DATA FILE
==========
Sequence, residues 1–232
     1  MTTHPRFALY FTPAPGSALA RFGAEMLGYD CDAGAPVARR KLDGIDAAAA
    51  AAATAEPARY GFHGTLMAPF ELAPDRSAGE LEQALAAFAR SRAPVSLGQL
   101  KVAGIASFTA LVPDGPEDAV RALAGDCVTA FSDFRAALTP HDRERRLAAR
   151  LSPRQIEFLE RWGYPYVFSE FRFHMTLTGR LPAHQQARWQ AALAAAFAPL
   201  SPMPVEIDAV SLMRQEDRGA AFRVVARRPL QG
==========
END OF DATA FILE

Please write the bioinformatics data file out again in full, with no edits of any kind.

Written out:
Sequence, residues 1–232
     1  MTTHPRFALY FTPAPGSALA RFGAEMLGYD CDAGAPVARR KLDGIDAAAA
    51  AAATAEPARY GFHGTLMAPF ELAPDRSAGE LEQALAAFAR SRAPVSLGQL
   101  KVAGIASFTA LVPDGPEDAV RALAGDCVTA FSDFRAALTP HDRERRLAAR
   151  LSPRQIEFLE RWGYPYVFSE FRFHMTLTGR LPAHQQARWQ AALAAAFAPL
   201  SPMPVEIDAV SLMRQEDRGA AFRVVARRPL QG